Back and Forth: Charles Mayo memories during this 150th year
It's a year filled with special events at Mayo Clinic, which is observing its 150th year.
This month there's an exhibit for Women's History Month called "Women of Mayo Clinic" in Hage Atrium in the Siebens Building.
In April a new book will be published during Nurses' Week called"The Nurses of Mayo Clinic: Caring Healers." And the Sesquicentennial mobile exhibit will begin touring the country with a Rochester stop from May 7-10. The month of May comes alive with special floral displays on all Mayo campuses. More carillion concerts are planned and a new coffee table book "Art and Healing" will soon be available.
Today's "Back & Forth column has looked forward. Now I want to look back to earlier days at Mayowood Mansion. I visited with Dr. Charles H. Mayo II, grandson of Dr. Charlie Mayo and son of Dr. Chuck Mayo, and he shared the joys of growing up at Mayowood mansion. Both Dr. Chuck Mayo, born in 1898, and his son Charles grew up there.
That mansion of 37 rooms was finished in 1911 so Chuck Mayo would have been about 12 years old when hundreds of WPA workers helped in the $60,000 construction. Young Charles Mayo was born Sept. 9, 1930, and has vivid memories of Will and Charlie who both died in 1939.
"In 1938 I remember taking the train to Tucson, (Ariz.) to visit Grandpa and I recall the train making a bend, and I could look ahead and see the engine and how the smoke curled around the cactus" he said.
I asked Charles if the big lake at Mayowood had a name. It did: " 'Lake Joe' after my uncle Joe, who died at a train crossing in 1936 across the Mississippi River near Nelson, Wis. Joe was a brother to my father. He was only 30, in general medicine and a great outdoors man. His dog died with him."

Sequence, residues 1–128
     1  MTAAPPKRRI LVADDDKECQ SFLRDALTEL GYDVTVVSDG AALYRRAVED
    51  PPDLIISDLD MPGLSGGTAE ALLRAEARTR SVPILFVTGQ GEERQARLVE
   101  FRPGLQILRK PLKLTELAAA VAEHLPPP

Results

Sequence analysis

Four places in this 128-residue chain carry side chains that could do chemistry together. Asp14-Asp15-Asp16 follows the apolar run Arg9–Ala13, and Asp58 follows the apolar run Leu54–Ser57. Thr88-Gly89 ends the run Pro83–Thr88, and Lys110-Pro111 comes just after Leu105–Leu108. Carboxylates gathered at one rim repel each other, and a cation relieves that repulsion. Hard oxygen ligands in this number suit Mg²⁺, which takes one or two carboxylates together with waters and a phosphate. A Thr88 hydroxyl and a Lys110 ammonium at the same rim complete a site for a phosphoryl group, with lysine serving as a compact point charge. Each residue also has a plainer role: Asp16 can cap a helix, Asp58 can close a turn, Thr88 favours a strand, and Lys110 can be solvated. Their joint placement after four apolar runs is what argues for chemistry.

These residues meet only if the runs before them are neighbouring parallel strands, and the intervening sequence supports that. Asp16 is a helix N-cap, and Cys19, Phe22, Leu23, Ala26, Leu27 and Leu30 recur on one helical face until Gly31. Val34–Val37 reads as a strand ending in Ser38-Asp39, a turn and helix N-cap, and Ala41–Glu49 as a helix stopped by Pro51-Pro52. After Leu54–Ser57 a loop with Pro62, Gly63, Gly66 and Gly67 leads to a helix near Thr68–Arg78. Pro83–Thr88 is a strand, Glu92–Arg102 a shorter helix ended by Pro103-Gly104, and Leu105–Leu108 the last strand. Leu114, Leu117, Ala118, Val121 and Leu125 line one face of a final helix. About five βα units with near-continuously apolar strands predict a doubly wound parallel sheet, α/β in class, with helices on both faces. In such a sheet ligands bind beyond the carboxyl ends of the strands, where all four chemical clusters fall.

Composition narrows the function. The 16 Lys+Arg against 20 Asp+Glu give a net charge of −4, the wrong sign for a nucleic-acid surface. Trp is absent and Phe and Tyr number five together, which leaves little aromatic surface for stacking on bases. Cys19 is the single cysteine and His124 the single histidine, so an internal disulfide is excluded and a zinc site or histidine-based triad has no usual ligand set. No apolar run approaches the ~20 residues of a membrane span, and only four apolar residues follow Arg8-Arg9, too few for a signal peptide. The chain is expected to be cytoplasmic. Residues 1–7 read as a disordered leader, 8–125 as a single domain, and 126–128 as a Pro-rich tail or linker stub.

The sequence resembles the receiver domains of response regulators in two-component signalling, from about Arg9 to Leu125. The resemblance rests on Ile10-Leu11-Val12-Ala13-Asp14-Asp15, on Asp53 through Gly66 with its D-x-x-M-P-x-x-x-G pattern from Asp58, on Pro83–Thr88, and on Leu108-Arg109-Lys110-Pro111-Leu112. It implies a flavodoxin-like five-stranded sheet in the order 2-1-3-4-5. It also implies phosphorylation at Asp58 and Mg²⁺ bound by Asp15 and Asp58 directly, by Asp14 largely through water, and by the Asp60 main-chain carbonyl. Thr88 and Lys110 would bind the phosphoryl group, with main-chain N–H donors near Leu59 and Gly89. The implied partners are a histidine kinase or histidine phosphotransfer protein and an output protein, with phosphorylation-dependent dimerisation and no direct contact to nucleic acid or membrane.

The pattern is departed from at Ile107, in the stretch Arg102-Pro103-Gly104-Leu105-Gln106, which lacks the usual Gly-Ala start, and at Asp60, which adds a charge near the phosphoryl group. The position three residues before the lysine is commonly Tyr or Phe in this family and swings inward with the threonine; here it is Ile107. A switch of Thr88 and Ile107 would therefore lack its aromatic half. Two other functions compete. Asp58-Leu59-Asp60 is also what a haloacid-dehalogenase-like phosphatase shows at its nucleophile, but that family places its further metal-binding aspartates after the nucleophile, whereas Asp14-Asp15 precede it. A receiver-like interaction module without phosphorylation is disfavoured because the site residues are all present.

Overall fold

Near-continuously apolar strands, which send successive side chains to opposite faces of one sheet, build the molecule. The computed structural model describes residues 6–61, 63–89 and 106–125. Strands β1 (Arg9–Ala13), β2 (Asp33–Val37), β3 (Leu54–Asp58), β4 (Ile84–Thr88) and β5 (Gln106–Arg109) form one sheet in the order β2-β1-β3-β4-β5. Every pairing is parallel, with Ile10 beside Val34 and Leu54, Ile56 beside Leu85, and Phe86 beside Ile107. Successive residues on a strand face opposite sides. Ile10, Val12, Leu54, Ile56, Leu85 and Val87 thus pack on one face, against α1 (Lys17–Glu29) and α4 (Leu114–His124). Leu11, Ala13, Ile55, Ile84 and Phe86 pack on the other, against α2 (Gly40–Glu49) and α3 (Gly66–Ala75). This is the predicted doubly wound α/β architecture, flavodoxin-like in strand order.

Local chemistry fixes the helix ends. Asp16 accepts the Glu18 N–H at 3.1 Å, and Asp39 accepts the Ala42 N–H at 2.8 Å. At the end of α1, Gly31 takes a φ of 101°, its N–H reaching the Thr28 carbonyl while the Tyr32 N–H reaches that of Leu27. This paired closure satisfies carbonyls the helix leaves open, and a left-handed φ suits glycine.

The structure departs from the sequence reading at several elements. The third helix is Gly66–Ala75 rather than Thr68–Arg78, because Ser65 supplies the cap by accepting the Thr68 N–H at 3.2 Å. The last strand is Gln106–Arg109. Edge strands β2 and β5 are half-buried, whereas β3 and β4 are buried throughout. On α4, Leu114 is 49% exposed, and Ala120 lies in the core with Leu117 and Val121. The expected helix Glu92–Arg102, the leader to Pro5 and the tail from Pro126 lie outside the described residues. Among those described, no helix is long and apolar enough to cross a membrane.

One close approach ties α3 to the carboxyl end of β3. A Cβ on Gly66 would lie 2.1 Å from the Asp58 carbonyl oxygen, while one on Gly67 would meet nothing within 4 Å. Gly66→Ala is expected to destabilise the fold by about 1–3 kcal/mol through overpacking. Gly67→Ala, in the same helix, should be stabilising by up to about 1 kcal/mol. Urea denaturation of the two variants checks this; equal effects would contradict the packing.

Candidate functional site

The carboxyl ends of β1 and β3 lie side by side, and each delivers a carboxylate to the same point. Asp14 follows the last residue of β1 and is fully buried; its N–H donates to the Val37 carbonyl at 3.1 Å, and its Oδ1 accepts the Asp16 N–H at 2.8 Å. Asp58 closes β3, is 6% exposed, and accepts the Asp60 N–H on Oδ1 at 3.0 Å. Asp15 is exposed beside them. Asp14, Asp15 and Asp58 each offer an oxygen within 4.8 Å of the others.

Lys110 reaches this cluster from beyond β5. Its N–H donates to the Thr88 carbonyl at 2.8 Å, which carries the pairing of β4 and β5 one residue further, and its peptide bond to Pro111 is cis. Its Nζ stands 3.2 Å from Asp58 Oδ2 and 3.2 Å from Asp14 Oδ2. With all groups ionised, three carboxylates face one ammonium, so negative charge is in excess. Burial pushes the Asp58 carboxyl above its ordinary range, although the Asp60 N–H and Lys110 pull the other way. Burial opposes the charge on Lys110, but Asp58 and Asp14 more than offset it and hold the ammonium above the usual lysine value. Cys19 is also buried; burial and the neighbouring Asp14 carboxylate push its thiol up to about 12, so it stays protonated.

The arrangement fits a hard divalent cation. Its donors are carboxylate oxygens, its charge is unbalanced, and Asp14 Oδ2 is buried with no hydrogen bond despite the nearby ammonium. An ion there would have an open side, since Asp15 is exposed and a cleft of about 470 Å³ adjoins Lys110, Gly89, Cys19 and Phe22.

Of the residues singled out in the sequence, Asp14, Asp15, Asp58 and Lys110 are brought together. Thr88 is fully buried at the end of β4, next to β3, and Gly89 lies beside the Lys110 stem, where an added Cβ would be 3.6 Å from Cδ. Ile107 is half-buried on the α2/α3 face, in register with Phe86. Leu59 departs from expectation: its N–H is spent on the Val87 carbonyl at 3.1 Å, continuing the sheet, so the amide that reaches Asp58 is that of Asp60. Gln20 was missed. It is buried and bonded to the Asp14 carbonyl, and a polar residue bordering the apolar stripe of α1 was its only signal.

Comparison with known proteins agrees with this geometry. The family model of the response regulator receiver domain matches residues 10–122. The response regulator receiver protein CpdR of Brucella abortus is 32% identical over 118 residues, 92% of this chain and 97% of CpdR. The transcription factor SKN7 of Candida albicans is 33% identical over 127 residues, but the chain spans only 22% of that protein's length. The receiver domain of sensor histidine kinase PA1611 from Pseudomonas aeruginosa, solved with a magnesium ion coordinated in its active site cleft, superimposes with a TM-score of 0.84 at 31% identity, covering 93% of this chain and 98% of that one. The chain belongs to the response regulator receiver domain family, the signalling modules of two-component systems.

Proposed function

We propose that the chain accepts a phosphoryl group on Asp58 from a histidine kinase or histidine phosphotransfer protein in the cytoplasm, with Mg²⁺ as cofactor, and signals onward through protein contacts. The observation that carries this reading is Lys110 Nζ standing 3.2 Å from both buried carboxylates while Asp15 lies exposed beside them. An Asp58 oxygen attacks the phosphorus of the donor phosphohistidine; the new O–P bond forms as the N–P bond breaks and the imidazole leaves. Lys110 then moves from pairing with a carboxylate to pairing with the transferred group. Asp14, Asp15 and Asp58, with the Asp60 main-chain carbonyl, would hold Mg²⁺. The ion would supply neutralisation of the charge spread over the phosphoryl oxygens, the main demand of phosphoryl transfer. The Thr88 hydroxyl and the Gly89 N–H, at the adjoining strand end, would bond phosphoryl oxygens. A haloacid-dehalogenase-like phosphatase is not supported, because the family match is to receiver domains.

Charles told me Mayowood was like an English manor, with plenty of domestic help, including Emma Brown, the cook, Anna who kept the place "spic and span" and Eli Dreblow, in general maintenance.
"He tapped the maple trees for sap and I helped at age 9 or 10. We poured it into pails and took it to the Big House for cooking into syrup," Charles remembered.
He also remembers Ben Stephan, Grandpa Charlie's driver.
Charles Mayo, now 83 and a resident of St. Croix Falls, Wis., told me it was his choice not to join the Mayo Clinic staff back in the 1960s.
"I'm not a writer. I did my residency at Mayo Clinic but you're required to do a certain amount of "papers," he said. "Besides I would constantly have been compared to my father who was an excellent surgeon and Grandpa and Will. I have no regrets."
"But I love visiting Mayowood in the summer. It was a fun place to grow up. Always lots of young folks and parties. Some big names in the entertainment world came, Danny Kaye, The King of Nepal, Lou Gehrig of baseball fame with the Yankees and President Franklin D. Roosevelt on Aug. 8, 1934.
"I remember my sister Mildred and I stood next to a fence near the reviewing stand at Soldiers' Field. We were waving little American flags but we didn't get to shake hands with the president.
"Lou Gehrig, who was already diagnosed with ALS gave my brother Ned and me an autographed baseball. Ned pitched me the ball and I hit it out of sight down a steep drop-off, never to be seen again."
Charles Mayo studied chemistry at St. Olaf College, then went to the University of Pennsylvania for his internship. His specialty was general medicine. For many years he joined "Group Health" as a physician serving the Fargo-Moorhead area and finally retired at Karlstad, Minn.
He chuckles what his father had told him in earlier years. "Retire at 65 — you'll cure more people by retiring then" quipped Dr. Chuck Mayo.
Both Dr. Chuck and wife Alice Plank Mayo are buried at Mayowood.
Next week- My memories of "lambing time" 1940s on the farm.
Harley Flathers is a longtime Rochester-area broadcaster and historian. Got a comment for Harley? Send it to email@example.com or to Harley at Post-Bulletin, P.O. Box 6118, Rochester, MN 55903. His column runs on Thursdays.